Part 7: Tryptophan Tilts at Turkey Haven

2772 to Present
"tl;dr" Description
We left Homestake for a haven or two.
Highlights from Matt's Notebook
Sol 2778-2779:
> The DSN is helping look for Phobos-Grunt. Might steal our uplink. &^$*#&$#^%
Sols 2783-2784:
> RPs wanted to do something fancy. TUL said "no." RPs said, "Ok."
Sols 2792-2794:
> Secret Woids: boggle / inbred / accost. I want better ones.
Sol 2800:
> AGU Conference today. Broke the news on Homestake. Can finally finish that blog entry.

With Homestake finally out of the way, we had about a week before the Mars Science Lab launched and had great potential to steal our time with the DSN for a good while. (A thing that, incidentally, never occurred. We couldn't have asked for a better launch from MSL.) Without time on the DSN, we can't uplink; without uplink, the rover can't move; without movement, she'd be stuck in a region with poor northerly tilts. We needed more than 10 degrees of northerly tilt to be safe and still perform science observations over the winter; 15 would be better.

We sequenced a nice set of drives (with a dogleg around the icky — although did that icky ever turn out to be icky?) to get ourselves to a standoff/scout position where we could image two spots where we knew there were good northerly tilts according to orbital imagery and subsequent digital elevation maps. We needed the ground imagery from this standoff position to resolve the orbital measurements and provide some much-needed precision.

(Sol 2777)

We found Turkey Haven to our south, with tilts a little above 10 degrees in the northern direction and bits of outcrop, to boot. Here's an image looking south on the last leg of the drive indicated in the image above:

From both Turkey Haven and the previous standoff position, we could see another bit of northerly tilts to the north: Winter Haven. We had two places to sit, each of which had good tilts and perhaps some good science targets. We also knew that these were the best two sites for the tilts because the ground-based imagery validated the orbital imagery and gave us confidence that the sites the orbital data showed were indeed the sites we wanted. No need to turn 'round the northern corner of Cape York to see if there was anything else that the orbital images missed. To get an idea of the tilts, here's a great virtual overlay of Oppy from Stu:

With the image-mapping of our winter sites complete before we felt like they had started, we had some time to ourselves: we selected a smooth part of the outcrop under our feet at Turkey Haven to poke with the IDD. We called it Transvaal — and here's an approach+Hazcam shot of them:

(Sol 2785)

"Hey, whaddya know, the power went up a few percent with that tilt," we told ourselves when we bumped up onto Turkey Haven. Hey, you know, that's how reality works.

We poked and Transvaal and the surrounding outcrop for roughly a week. The results? Nothing juicy. Same rock, different sol. Gave us no pieces for the Martian water puzzle. With more targets at the other Winter Haven site, a few meters to our north, and with better northerly tilts there compared to Turkey Haven, there was no reason to stay and give Transvaal what it had coming. Time to move on to Winter Haven. 

Somewhere along this whole trip, time... disappeared. Just went away. Magically, we were at another 100-sol boundary. In the sequencing room at JPL, we post a sign at the door that tells everyone for which sol(s) we're building commands today. I may or may not have stolen one of them:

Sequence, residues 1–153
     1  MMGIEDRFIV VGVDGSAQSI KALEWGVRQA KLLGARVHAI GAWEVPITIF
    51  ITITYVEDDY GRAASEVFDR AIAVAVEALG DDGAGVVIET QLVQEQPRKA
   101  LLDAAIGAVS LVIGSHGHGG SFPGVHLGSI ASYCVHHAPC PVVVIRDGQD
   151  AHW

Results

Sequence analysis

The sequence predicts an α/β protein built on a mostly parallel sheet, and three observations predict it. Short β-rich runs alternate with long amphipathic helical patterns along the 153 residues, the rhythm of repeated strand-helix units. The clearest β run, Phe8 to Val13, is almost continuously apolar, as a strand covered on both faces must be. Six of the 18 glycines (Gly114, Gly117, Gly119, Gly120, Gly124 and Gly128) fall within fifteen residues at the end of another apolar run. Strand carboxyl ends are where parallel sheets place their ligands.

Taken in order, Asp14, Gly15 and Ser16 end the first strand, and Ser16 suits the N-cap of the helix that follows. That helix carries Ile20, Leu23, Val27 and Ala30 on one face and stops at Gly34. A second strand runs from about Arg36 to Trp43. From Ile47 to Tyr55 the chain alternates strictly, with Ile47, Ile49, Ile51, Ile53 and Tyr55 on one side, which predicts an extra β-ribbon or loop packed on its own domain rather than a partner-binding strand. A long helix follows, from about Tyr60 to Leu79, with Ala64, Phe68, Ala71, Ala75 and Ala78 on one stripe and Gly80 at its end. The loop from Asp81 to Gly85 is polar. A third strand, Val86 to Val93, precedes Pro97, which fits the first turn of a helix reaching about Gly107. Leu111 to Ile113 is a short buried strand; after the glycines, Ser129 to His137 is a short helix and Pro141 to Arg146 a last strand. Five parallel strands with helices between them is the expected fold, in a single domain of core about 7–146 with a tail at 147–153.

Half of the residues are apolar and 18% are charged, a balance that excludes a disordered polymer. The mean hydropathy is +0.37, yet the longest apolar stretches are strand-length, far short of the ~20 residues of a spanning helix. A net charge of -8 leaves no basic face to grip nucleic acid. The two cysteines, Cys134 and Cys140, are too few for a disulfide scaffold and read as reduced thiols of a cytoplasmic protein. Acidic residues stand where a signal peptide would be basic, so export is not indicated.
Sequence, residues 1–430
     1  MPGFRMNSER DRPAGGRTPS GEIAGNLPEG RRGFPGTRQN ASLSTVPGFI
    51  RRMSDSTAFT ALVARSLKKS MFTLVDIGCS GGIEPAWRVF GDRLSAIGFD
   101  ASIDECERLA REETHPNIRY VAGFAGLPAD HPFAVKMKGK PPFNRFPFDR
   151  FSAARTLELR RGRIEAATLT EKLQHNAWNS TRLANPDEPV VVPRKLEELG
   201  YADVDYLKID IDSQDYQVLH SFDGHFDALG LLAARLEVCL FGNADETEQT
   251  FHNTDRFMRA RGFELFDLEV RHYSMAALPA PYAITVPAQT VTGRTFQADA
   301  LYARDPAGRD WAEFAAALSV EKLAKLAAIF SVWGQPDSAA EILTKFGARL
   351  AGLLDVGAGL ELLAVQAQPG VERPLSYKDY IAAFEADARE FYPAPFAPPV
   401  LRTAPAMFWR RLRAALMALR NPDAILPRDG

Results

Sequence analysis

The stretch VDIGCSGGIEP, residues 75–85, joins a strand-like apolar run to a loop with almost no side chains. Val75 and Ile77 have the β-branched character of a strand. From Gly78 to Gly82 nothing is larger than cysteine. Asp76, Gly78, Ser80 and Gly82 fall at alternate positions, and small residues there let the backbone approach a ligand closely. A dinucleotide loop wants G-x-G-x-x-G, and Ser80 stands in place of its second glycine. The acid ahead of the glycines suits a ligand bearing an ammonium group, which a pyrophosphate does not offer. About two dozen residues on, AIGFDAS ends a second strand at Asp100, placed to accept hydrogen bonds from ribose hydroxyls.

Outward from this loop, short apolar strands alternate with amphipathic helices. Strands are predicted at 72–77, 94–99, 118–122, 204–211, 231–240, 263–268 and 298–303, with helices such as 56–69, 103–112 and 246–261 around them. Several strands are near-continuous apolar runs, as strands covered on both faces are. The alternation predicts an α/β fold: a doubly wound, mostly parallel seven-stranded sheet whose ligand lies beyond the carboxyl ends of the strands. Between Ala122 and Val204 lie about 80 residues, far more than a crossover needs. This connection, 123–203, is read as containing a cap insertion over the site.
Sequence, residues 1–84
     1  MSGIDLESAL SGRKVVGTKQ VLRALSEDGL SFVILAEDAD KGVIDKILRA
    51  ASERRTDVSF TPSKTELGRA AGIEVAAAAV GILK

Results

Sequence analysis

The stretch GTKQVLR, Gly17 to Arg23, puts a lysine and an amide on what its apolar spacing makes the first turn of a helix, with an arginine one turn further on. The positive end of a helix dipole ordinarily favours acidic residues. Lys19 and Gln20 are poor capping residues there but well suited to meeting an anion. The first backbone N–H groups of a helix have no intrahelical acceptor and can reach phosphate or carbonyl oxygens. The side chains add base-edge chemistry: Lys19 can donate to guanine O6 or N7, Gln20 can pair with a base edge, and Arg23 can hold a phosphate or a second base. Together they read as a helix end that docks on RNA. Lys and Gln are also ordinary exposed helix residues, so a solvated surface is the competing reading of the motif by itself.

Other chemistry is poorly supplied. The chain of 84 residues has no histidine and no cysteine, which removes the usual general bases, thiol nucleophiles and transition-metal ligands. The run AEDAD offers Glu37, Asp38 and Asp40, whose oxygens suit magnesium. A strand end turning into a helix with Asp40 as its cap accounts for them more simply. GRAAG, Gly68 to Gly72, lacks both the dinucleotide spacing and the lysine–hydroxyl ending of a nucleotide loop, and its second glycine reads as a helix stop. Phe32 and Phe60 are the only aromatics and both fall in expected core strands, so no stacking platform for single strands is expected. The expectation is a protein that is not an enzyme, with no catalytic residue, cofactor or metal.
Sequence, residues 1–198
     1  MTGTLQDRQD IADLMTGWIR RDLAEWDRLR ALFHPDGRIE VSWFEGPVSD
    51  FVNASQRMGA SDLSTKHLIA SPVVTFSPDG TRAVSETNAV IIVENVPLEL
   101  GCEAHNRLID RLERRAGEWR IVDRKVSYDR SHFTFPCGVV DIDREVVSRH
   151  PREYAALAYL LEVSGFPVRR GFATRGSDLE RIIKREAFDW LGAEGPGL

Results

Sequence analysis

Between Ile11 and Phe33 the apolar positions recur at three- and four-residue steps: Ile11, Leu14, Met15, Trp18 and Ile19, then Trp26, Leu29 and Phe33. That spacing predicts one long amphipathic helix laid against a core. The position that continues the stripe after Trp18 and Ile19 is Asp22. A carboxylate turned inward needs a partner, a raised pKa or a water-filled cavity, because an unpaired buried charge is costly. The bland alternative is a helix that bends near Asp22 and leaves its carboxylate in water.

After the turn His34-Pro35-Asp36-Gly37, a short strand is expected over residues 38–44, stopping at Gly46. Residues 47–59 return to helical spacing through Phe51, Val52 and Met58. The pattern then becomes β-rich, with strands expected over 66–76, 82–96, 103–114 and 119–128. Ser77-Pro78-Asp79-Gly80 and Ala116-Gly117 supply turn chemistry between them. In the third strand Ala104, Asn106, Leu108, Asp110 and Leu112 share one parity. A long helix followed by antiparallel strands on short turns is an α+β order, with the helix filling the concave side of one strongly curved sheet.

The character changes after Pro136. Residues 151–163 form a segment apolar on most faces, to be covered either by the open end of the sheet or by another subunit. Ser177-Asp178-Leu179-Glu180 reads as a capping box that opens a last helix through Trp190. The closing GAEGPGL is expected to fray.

Not stolen.

I dibbs'd it (a dibbs is valid even if nobody hears you!) and took it. Felt like it was cool to have one of these. Felt like I'd be keeping it around, even if 2800 is just… a number. I wonder who'll get sol 3000? (5000? 10000?)


This is, really, the end of the first 100 sols at Cape York at the edge of Endeavour Crater. As of the time of writing, we've tacked on another 50 like it ain't no thang. The final part of the promised 8-part series will be a summary of what has happened since then — and where we plan on going once the winter is over.

Wednesday, January 11, 2012

100 Sols on Cape York — An Absurdly Brief (Read: Long) Summary (Part 6/8)

Part 6: Drawing Blood — Homestake

2763 to 2772
"tl;dr" Description
We found Martian drywall.
Highlights from Matt's Notebook
Sol 2763:
> We found two veins, one that is easier to reach and one that is harder to reach. The latter is a "richer" target. 
> Science says that these veins could be one of the more important targets at Cape York, if not the mission. 
> I don't get the excitement over the veins. Then again, I'm not a geologist.
Sol 2771:
> Homestake ate our winter haven mapping margin. MSL launch looming. Caffeine supplies dwindling.
Sol 2772:
> These are good times.
Sol 2773:
> The vein is Gypsum. Science is ecstatic. I want to blog about this, but I can't yet. Feels like a secret club.
Sol 2775*:
> Saturday planning! John bought pizza!

Details ("the deets")
When we first stumbled on the vein (which we named Homestake), there was this strange disconnect between the reality that I had been seeing and the reality that the science team was pushing. We had bought all this extra time hauling booty across Cape York's spine in order to go to the northerly slopes — which were now on the order of tens of meters away — to start mapping them with local imagery, and yet at the same time there was this very strong push-back from the science team. There was this vein, you see, but I'm not a geologist and I didn't know what it meant. Even before we knew what it was, the science team had some idea in their collective head what it could be and it would mean — whatever it was.